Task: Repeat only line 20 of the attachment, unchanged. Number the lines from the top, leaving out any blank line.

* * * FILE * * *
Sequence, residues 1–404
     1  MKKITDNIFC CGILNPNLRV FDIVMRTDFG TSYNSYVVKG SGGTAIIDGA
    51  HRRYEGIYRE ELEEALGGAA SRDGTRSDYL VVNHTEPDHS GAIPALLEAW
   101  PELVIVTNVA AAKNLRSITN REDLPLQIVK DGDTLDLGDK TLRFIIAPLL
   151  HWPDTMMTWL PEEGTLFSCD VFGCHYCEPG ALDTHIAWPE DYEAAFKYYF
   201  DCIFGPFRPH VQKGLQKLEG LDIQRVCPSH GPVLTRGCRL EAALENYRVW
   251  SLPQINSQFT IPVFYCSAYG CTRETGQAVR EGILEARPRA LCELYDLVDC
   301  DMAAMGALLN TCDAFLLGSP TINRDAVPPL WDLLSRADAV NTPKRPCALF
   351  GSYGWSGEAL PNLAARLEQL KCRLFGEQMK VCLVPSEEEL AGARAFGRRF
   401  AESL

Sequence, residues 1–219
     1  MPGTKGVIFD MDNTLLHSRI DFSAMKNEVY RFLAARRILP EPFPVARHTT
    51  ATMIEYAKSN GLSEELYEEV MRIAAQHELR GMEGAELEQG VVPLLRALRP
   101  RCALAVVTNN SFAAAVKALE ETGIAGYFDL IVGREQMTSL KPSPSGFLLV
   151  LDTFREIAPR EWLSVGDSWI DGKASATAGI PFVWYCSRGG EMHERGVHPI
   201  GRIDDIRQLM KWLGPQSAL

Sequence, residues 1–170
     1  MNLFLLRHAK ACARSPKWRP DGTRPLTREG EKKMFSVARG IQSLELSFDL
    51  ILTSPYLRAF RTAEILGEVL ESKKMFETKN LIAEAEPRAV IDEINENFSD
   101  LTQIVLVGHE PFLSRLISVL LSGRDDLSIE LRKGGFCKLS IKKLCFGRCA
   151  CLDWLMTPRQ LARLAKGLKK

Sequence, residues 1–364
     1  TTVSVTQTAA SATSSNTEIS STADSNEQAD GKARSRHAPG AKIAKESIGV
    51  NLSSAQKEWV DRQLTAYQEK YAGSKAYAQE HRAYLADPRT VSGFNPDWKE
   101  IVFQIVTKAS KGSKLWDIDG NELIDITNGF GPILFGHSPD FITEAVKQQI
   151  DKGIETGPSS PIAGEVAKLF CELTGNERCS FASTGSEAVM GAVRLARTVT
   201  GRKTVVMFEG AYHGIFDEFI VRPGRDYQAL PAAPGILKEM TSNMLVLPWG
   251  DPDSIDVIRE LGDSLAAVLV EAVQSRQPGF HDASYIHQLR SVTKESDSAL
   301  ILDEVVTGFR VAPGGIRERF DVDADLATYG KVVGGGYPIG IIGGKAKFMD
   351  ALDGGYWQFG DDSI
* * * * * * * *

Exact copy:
   101  LTQIVLVGHE PFLSRLISVL LSGRDDLSIE LRKGGFCKLS IKKLCFGRCA